Columbia Business School
Columbia Business School's new home will span approximately 492,000 square feet across two buildings and will reflect the fast-paced, high-tech and highly social character of business in the 21st century. The two new facilities will create multifunctional spaces that foster a sense of community—spaces where students, faculty, alumni and practitioners can gather to exchange ideas. Between the two buildings will be the largest planned open area in phase 1 of construction—an approximately 40,000-square-foot area known as The Square.
The Ronald O. Perelman Center for Business Innovation and the Henry R. Kravis Building
Both buildings are the result of landmark gifts of $125 million from alumnus Henry R. Kravis, cofounder, cochairman and co-CEO of Kohlberg Kravis Roberts & Co. (KKR) and cochair of the School’s Board of Overseers, and $100 million from Ronald O. Perelman, chairman and CEO of MacAndrews & Forbes Holdings Inc. and a member of the School’s Board of Overseers.
High-Tech and Highly Social
The structures are designed by the renowned New York architecture firm Diller Scofidio + Renfro in collaboration with FXCollaborative as executive architect and Harlem-based AARRIS ATEPA Architects, a certified Women and Minority Business Enterprise (WMBE), as associate architect. The firms' ideas-based approach to architecture complements the School’s operating principle for the Manhattanville campus—that the project is not about bricks and mortar, but rather about transforming the School, business education and business itself.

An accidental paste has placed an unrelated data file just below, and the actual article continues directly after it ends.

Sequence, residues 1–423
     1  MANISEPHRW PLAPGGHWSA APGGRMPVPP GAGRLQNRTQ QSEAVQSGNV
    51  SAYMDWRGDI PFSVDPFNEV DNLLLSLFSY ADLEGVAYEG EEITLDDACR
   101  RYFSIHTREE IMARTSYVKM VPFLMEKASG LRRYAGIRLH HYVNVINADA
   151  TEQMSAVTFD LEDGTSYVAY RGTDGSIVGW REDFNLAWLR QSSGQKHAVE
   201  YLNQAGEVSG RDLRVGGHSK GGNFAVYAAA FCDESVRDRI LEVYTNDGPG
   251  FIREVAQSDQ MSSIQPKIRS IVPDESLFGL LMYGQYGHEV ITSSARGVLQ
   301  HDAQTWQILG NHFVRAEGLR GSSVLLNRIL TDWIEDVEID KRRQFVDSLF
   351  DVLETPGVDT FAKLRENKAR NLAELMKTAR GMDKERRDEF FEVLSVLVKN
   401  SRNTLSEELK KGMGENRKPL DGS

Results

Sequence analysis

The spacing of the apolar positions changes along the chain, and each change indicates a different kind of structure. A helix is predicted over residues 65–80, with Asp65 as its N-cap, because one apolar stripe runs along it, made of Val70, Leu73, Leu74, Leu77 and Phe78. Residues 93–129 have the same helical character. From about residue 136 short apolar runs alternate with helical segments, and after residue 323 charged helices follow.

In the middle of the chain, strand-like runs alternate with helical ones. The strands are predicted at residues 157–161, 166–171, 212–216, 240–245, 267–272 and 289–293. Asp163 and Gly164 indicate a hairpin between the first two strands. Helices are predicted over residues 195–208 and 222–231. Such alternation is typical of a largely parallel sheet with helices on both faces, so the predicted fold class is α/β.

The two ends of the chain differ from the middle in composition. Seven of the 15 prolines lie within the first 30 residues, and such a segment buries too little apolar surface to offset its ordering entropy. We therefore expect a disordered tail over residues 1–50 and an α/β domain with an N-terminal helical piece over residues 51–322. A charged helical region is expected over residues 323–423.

Designed for Flexibility
The designs include spaces that encourage the development of social intelligence skills and collaboration across disciplines, flexible classroom space with the latest technology, dedicated spaces for recruiting, events and networking and an alumni welcome center. Recognizing that creativity, innovation and communication—skills often nurtured in informal environments—are as important to contemporary business school pedagogy as the traditional, quantitative skills best taught in a classroom, the building’s internal spaces are organized around two distinct networks that foster informal interaction between the student and faculty of the school. Each network is a combination of circulation routes, lounge spaces, dining facilities and study rooms that facilitate planned and unplanned interaction 24 hours a day.
Where these networks meet the landscape at the street-level urban layer, major public spaces are established: in one building, a two-story, urban-scale living room, and in the other, a terraced interior space that doubles as a 300-seat large conference space.